Alina Popescu, Writer

From Authors to Authors: Pen Names, Why and When?

From Authors to Authors: Pen Names, Why and When?
August 05
10:53 2017

Hello everyone and a happy Saturday to you! Our From Authors to Authors series is back with a post on pen names, when to use them and why, from the brilliant Aimee Brissay. So tag along to find out everything about authors and their pen names.

Pen Names – Why and When to Use Them?

You have written a book. Woo-hoo! But now it’s time to hit that publish or submit button, and one of the most important questions comes to mind. Do you publish under a pen name or just use your own?

What’s a Pen Name?

Let’s see what a pen name is first and what is it used for. A pen name is a pseudonym under which an author wants to know or have his or hers works published. It can serve different purposes, such as hiding one’s true identity and/or gender, or simply providing a better with a specific genre.

Mark Twain comes to mind when talking about hiding identities, along with many other now famous writers, such as Zane Grey, JD Robb and, though a lot less known outside Romania, Carmen Silva. Under the name of Carmen Sylva hid Queen Elisabeth of Romania, the wife of the first monarch of our country, Karl the 1st.

Depending on the genre, the writer might need to hide their gender, often behind some initials, like JKK Rowling and JD Robb, or changing a part of their name or taking a different name altogether, like the Bronte sister, who have published under the male names of Curer Bell, Ellis Bell and Acton Bell.

In the MM genre, an interesting phenomenon takes places. Where at first most of the female writers chose male pen names, now many of the male writers are taking female pseudonyms. This comes as a response to the fact the vast majority of the readers is female and it seems to react better to a woman writer.

Also, a pen name, especially if the true identity of the wearer is not known to the public, can offer anonymity and some protection to the writer, especially when dabbling in the more controverts genres or tackling sensitive subjects. This can come in handy when writing erotica and not wanting your friends and family to know what the topic of your book is.

How Many Pen Names?

An author can have as many pen names as they like and this is where another role of the pseudonym comes in place. It connects the works of writers in a certain genre while separating from the rest of his stories in other genres. Readers are often picky and they might prefer to read in a certain genre and only in that one. A writer publishing MM might lose some of his or her followers if they publish MF under the same name. Of course, not only the pairing matters but the genre matters as well. The thriller seeking crowd might not react too well to, let’s say, an Angela Lansbury mystery. LA Witt comes to mind. She writes under four, yes you heard me, four different pseudonyms, split both by genre and pairing.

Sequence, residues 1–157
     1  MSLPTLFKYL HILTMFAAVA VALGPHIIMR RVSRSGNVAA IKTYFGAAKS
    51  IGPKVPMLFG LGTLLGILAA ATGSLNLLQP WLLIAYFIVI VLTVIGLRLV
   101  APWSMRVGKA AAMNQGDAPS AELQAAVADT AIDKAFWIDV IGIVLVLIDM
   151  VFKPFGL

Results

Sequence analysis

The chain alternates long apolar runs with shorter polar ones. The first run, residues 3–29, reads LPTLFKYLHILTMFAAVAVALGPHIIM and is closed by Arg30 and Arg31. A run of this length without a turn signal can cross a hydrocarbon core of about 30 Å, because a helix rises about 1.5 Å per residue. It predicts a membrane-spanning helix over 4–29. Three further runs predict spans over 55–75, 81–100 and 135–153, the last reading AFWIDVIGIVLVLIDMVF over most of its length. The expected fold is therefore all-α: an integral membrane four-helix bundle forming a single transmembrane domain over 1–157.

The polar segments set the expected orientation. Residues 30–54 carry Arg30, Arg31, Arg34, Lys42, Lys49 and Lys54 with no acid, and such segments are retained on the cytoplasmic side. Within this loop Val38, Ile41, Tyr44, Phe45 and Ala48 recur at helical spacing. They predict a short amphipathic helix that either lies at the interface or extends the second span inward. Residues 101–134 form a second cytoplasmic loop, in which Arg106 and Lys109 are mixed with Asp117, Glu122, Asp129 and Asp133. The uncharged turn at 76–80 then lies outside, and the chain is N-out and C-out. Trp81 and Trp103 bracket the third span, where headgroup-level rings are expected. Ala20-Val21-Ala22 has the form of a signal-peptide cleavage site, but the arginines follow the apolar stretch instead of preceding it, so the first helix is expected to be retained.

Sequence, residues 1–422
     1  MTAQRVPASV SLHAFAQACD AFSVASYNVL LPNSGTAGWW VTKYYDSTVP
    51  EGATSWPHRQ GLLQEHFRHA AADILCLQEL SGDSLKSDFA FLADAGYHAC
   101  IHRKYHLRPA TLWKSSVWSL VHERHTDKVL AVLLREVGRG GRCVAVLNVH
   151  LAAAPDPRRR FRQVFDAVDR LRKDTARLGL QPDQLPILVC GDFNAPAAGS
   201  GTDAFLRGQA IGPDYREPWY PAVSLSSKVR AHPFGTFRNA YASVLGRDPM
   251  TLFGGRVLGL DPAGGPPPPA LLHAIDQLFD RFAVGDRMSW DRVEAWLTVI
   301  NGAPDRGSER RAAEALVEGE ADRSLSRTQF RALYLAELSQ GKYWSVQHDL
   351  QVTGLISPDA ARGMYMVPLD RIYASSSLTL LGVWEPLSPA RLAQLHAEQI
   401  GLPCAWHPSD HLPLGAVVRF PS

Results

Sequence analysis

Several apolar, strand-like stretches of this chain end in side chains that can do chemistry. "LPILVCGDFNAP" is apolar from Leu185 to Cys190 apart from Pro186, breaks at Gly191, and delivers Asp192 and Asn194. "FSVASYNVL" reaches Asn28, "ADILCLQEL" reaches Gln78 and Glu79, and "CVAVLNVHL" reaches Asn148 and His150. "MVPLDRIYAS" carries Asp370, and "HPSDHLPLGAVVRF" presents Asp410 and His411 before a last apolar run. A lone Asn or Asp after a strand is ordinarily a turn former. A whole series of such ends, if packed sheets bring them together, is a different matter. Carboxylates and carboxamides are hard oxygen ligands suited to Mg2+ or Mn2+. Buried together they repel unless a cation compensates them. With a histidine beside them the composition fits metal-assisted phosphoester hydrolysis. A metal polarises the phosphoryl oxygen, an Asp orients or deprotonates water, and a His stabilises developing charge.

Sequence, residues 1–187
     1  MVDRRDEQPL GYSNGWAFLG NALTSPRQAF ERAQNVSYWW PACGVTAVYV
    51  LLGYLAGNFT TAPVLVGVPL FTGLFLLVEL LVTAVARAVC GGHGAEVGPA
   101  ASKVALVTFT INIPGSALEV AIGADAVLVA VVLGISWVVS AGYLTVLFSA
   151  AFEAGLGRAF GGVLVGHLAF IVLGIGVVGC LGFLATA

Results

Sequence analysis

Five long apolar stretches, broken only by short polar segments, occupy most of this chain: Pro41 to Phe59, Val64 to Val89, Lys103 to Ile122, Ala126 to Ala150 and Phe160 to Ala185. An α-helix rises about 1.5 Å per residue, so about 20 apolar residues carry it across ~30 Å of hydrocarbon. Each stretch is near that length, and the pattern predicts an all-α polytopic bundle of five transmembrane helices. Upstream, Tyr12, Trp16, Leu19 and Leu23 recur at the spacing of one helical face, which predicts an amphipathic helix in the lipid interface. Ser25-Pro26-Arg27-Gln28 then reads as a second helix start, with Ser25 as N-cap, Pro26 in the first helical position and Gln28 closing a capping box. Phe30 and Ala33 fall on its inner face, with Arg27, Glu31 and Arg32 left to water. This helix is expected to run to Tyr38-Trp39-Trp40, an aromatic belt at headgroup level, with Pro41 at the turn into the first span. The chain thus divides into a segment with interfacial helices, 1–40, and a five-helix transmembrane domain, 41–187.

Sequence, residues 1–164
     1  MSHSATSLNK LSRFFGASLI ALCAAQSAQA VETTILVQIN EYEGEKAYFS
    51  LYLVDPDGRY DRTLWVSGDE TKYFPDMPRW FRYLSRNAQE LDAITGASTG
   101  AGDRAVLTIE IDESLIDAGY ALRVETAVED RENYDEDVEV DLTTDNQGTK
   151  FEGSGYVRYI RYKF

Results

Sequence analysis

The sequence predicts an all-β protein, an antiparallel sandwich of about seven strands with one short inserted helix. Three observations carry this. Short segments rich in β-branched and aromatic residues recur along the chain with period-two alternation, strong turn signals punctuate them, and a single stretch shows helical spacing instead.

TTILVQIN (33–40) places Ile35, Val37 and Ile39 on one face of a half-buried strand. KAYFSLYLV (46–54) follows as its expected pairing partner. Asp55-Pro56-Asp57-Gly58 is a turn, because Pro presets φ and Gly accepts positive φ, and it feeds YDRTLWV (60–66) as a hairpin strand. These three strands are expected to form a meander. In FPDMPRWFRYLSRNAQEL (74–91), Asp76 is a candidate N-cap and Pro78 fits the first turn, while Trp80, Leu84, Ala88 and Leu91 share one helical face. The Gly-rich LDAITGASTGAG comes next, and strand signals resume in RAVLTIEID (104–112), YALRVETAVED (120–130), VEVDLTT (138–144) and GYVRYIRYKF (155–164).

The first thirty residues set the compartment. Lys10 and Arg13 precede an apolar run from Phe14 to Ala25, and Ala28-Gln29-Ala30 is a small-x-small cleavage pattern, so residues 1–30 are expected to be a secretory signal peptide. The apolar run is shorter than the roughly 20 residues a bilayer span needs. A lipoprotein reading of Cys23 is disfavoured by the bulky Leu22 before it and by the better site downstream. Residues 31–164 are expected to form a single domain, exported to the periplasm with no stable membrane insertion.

Of course, there are writers who decide not to bother with pen names and use their own name for everything they write, such as Alina Popescu. Her Bad Blood series is MF, while the rest of her books are MM, with the occasional MMM thrown in the mix.

When can you choose a pen name?

At the beginning of your career or any time along the way, when you want to write in more than one genre.

Whether you go with a pen name or without one for your books, make sure you have weighed all the arguments before making this decision. And remember, this might haunt you for the rest of your life.

Liked this post? Check out Aimee’s other post in this series – How to Write Series and Serials

Meet Aimee Brissay

Author Aimee BrissayBorn in Romania, land of the Iele and Vlad the Impaler, AIMEE BRISSAY has spent all her life surrounded by stories. She has ridden side by side with d’Artagnan and The Three Musketeers to retrieve the Queen’s diamonds, set sail on the Erasmus in search of the Japans, fell in love with Rhett Butler and roamed the Wild West alongside Old Shatterhand. She has walked in the footsteps of the Olympian Gods and searched for Zalmoxis’ sanctuary in the Carpathians. In her mind, she’s never been the damsel in distress but rather the knight in shiny armor fighting for a cause. Aimee Brissay loves each and every one of these characters with a passion, and has always had a soft spot for the men-on-men fellows.

With a background like this, turning to writing was no surprise. Aimee discovered Men-on-Men erotica early in life and has never looked back. After that first story, she devoured all the books she could find. And when she ran out, she decided to write her own. Aimee Brissay has over 10 stories published, varying from contemporary to fantasy and BDSM, men-on-men, men-on-men-on-men or on-women, and anything in between.

She can write anywhere, even in a crowded room or a busy subway station, but she loves solitude. When she’s not at her evil day job or she’s not torturing her characters in her latest WIP, she can be found writing or playing with her cats. Or her newly adopted dog, because 5 cats are just not enough.

She welcomes messages from readers and promises to answer all of them as soon as possible, though that can mean anything from one hour to a month.

Follow her on Facebook and Twitter and check out books by Aimee Brissay on Amazon.

About Author

Alina Popescu

Alina Popescu

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